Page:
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Plant shortage hampers reconstruction

SERBIA DOES not have enough plant to tackle urgent reconstruction work, it was claimed this week.

An estimated 90% of all heavy construction equipment is out of action due to mechanical failure. Daily breakdown rates of up to 20% have been recorded in the public transport sector and experts say figures for the construction industry are little better.

There is also an acute shortage of specialised equipment.

'For reconstruction work or new development there is nothing like enough equipment, ' said Alexander Kovacevic, a consulting engineer drawing up a list of priority reconstruction projects for the United Nations organisation for the co-ordination of humanitarian relief.

Kovacevic claimed there was just one crane in Serbia with more than 120t lifting capacity.

There are no large floating cranes.

Removal of the wreckage of three bridges at Novi Sad, destroyed during Nato air strikes and now blocking the River Danube, is considered to be Serbia's single most important reconstruction project. Navigation is key to the country's economy, and transport of fuel and food is vital to the wellbeing of thousands.

An estimated 650t of reinforced concrete is lying on the river bed where Novi Sad's combined road and rail bridge was destroyed. There are fears that the debris will catch ice flowing down the Danube this winter forming a temporary dam and flooding the city.

The debris has also altered the river flow. Increased scour is undermining the quayside of Novi Sad port.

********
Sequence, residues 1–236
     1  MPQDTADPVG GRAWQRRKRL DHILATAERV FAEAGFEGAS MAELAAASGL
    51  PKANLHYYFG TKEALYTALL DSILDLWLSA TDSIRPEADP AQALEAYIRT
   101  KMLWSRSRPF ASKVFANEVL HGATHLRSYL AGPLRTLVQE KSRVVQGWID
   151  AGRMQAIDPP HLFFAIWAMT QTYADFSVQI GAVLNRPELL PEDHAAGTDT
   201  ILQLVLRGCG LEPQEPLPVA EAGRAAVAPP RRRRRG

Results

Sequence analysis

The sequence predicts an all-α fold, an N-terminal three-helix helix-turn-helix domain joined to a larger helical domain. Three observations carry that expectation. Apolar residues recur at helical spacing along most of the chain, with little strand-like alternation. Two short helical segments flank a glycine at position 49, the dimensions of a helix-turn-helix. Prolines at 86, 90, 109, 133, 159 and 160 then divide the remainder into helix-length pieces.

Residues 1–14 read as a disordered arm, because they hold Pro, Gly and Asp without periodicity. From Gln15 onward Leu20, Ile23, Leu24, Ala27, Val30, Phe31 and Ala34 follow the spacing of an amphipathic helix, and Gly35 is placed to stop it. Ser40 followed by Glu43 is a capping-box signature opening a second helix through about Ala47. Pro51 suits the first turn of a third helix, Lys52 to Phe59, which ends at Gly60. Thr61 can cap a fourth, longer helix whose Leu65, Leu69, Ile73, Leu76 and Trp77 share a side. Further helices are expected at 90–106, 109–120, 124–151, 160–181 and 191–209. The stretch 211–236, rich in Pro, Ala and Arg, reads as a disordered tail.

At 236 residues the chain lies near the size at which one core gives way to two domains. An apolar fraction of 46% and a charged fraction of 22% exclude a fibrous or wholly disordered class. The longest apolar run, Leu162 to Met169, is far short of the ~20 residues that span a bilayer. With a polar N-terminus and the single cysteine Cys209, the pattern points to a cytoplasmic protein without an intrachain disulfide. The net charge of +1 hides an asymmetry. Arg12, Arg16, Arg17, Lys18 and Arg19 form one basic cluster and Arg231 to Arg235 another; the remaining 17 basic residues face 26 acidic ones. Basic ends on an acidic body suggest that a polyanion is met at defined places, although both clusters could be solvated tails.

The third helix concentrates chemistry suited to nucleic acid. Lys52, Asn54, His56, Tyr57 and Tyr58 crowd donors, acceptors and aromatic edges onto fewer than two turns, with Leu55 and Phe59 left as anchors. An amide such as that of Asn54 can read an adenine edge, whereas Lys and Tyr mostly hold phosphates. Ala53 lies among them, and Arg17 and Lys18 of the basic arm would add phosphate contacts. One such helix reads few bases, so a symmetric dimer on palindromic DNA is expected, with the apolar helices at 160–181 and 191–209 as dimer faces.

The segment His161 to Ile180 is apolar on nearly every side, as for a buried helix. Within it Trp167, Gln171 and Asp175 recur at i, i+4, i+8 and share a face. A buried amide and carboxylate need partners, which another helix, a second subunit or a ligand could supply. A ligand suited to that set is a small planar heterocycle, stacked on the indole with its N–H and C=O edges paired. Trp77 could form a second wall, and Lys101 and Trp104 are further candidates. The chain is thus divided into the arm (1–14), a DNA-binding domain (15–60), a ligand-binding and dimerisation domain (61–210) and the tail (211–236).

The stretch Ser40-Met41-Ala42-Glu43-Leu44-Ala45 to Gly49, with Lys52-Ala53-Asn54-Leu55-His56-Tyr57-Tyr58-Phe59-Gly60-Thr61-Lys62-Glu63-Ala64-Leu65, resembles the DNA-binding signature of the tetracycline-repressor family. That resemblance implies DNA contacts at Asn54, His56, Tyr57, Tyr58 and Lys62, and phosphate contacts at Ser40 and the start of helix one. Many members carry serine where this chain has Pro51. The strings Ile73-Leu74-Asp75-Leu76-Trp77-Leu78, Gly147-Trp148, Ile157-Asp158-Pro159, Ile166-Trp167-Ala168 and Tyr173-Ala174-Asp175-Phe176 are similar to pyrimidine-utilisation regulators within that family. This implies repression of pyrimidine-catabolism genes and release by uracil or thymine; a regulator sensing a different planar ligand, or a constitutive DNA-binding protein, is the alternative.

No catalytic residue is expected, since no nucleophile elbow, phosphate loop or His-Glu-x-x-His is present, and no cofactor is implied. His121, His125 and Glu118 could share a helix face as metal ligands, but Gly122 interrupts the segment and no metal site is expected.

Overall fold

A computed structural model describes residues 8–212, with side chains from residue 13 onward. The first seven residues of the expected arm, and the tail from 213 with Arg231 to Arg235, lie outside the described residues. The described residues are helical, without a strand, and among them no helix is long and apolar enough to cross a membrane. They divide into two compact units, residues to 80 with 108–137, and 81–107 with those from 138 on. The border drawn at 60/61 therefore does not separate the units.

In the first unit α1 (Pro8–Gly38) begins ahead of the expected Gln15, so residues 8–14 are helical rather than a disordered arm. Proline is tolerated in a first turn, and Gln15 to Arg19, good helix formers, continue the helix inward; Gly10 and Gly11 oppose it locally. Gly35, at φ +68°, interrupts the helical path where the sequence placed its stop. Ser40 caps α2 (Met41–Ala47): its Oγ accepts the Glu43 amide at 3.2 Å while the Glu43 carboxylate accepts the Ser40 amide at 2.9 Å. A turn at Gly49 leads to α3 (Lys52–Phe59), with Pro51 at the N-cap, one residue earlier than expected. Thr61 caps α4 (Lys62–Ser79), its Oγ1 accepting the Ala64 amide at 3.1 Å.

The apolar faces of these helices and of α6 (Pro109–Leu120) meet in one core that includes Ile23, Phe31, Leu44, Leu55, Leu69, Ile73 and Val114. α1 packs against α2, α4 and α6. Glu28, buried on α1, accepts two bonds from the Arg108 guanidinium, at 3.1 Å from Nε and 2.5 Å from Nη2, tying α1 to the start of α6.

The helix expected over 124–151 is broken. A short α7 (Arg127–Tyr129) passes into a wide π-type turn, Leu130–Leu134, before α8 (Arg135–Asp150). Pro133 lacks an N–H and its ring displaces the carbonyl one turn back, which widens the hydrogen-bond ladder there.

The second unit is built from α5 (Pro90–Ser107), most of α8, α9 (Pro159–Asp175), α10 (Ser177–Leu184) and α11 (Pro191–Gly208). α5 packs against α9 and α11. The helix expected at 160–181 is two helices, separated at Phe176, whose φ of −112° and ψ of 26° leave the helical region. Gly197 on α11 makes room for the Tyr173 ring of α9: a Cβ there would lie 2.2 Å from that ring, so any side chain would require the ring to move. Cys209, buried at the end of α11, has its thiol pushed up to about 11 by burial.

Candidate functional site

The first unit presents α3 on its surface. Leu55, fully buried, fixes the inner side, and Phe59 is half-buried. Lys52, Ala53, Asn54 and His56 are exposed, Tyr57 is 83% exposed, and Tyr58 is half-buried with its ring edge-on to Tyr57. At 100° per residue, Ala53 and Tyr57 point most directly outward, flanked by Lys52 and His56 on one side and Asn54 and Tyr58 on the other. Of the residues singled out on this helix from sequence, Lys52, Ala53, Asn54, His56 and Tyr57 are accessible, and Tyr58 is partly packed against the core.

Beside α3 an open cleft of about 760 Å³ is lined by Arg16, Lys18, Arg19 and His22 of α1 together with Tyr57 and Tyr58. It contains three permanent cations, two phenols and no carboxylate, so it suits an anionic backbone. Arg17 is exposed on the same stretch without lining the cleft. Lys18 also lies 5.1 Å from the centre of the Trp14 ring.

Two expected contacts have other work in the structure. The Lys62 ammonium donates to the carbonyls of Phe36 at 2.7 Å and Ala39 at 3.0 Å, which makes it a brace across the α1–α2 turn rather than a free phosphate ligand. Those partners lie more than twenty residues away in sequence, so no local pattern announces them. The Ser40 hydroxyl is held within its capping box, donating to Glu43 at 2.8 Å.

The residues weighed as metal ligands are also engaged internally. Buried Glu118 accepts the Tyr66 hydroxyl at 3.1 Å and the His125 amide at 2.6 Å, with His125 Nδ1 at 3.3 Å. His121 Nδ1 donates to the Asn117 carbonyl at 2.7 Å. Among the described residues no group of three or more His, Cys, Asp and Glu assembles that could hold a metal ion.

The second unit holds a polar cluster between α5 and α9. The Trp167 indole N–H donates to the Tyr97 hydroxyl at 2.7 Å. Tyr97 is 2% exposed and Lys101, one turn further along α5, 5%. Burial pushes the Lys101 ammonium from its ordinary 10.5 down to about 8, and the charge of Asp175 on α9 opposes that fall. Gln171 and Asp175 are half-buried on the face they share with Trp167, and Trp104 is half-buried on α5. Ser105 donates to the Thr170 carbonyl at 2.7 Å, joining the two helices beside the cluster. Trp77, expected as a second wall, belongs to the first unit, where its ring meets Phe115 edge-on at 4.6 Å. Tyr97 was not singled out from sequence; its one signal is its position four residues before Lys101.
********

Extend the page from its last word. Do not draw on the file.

But it will not be possible to tackle the work until specialist underwater cutting, breaking and lifting equipment can be brought in.

It is thought the Danube will not be reopened until later next year at the earliest.

Head of the Department for Trade & Industry's commercial section in Belgrade Dusko Sokic said the country's plant manufacturing industry 'is virtually dead'.

He was uncertain there was enough equipment to do the work immediately required, including repair of refineries, electricity generating stations, railways, roads and ports.

Longer term, Sokic said Serbian companies would be forced to look to Western partners to provide finance for equipment.

Providing political reform continues it is expected that local contractors will start looking to form joint ventures with firms from abroad.

Development of the country's transport, energy and water supply infrastructures will take place through concession agreements, Sokic predicted.

'What's needed in the way of plant will have to be worked as part of each contract, ' he said.

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